• Build up your testing and quality assurance capabilities. Our own experience building Lilli taught us to prioritize testing over development. Our team invested in not only developing testing protocols for each stage of development but also aligning the entire team so that, for example, it was clear who specifically needed to sign off on each stage of the process. This slowed down initial development but sped up the overall delivery pace and quality by cutting back on errors and the time needed to fix mistakes.

Ensure data quality and focus on unstructured data to fuel your models

The ability of a business to generate and scale value from gen AI models will depend on how well it takes advantage of its own data. As with technology, targeted upgrades to existing data architecture  are needed to maximize the future strategic benefits of gen AI:

  • Be targeted in ramping up your data quality and data augmentation efforts. While data quality has always been an important issue, the scale and scope of data that gen AI models can use—especially unstructured data—has made this issue much more consequential. For this reason, it’s critical to get the data foundations right, from clarifying decision rights to defining clear data processes to establishing taxonomies so models can access the data they need. The companies that do this well tie their data quality and augmentation efforts to the specific AI/gen AI application and use case—you don’t need this data foundation to extend to every corner of the enterprise. This could mean, for example, developing a new data repository for all equipment specifications and reported issues to better support maintenance copilot applications.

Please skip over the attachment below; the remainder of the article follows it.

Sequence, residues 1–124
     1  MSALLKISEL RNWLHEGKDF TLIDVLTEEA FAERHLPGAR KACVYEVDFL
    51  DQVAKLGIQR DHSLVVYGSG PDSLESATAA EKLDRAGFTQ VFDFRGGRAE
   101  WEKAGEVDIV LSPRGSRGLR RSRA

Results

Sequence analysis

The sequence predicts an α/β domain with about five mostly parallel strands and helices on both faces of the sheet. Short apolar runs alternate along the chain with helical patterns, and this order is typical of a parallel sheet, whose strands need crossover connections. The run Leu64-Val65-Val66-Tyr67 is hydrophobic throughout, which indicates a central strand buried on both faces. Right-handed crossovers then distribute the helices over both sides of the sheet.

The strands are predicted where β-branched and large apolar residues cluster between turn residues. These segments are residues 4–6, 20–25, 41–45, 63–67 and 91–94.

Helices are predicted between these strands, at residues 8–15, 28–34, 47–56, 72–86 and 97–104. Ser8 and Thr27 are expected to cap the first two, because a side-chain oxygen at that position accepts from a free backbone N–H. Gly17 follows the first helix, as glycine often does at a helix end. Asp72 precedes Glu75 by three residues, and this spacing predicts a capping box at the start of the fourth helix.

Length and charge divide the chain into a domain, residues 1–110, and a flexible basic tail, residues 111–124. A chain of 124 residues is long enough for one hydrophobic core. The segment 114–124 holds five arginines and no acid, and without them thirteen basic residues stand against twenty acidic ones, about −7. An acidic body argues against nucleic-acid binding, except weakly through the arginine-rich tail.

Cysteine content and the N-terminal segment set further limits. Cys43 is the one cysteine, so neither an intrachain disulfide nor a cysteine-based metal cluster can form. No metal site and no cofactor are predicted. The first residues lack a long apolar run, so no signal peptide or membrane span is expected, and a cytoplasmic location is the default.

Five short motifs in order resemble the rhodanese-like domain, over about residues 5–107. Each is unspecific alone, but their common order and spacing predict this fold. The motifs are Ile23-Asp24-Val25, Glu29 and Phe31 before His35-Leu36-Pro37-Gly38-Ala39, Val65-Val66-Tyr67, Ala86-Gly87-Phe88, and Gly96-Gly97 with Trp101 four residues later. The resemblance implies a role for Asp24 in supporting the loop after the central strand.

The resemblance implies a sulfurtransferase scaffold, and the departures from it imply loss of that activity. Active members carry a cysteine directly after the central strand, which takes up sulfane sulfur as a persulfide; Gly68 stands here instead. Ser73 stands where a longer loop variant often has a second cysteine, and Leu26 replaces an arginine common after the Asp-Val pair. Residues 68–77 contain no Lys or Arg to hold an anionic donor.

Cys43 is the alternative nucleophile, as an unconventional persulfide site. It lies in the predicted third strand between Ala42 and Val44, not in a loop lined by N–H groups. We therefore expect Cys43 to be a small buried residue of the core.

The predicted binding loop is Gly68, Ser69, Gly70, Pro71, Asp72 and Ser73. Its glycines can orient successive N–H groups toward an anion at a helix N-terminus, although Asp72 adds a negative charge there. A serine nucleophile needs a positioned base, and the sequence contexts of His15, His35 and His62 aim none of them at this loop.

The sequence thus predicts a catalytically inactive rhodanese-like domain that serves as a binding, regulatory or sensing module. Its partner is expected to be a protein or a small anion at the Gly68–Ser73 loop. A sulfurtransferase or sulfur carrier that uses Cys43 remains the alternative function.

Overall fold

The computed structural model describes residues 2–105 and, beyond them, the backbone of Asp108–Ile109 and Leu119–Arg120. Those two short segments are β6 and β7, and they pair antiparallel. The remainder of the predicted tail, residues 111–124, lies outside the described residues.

• Understand what value is locked into your unstructured data. Most organizations have traditionally focused their data efforts on structured data (values that can be organized in tables, such as prices and features). But the real value from LLMs comes from their ability to work with unstructured data (for example, PowerPoint slides, videos, and text). Companies can map out which unstructured data sources are most valuable and establish metadata tagging standards so models can process the data and teams can find what they need (tagging is particularly important to help companies remove data from models as well, if necessary). Be creative in thinking about data opportunities. Some companies, for example, are interviewing senior employees as they retire and feeding that captured institutional knowledge into an LLM to help improve their copilot performance.
  • Optimize to lower costs at scale. There is often as much as a tenfold difference between what companies pay for data and what they could be paying if they optimized their data infrastructure and underlying costs. This issue often stems from companies scaling their proofs of concept without optimizing their data approach. Two costs generally stand out. One is storage costs arising from companies uploading terabytes of data into the cloud and wanting that data available 24/7. In practice, companies rarely need more than 10 percent of their data to have that level of availability, and accessing the rest over a 24- or 48-hour period is a much cheaper option. The other costs relate to computation with models that require on-call access to thousands of processors to run. This is especially the case when companies are building their own models (the maker archetype) but also when they are using pretrained models and running them with their own data and use cases (the shaper archetype). Companies could take a close look at how they can optimize computation costs on cloud platforms—for instance, putting some models in a queue to run when processors aren’t being used (such as when Americans go to bed and consumption of computing services like Netflix decreases) is a much cheaper option.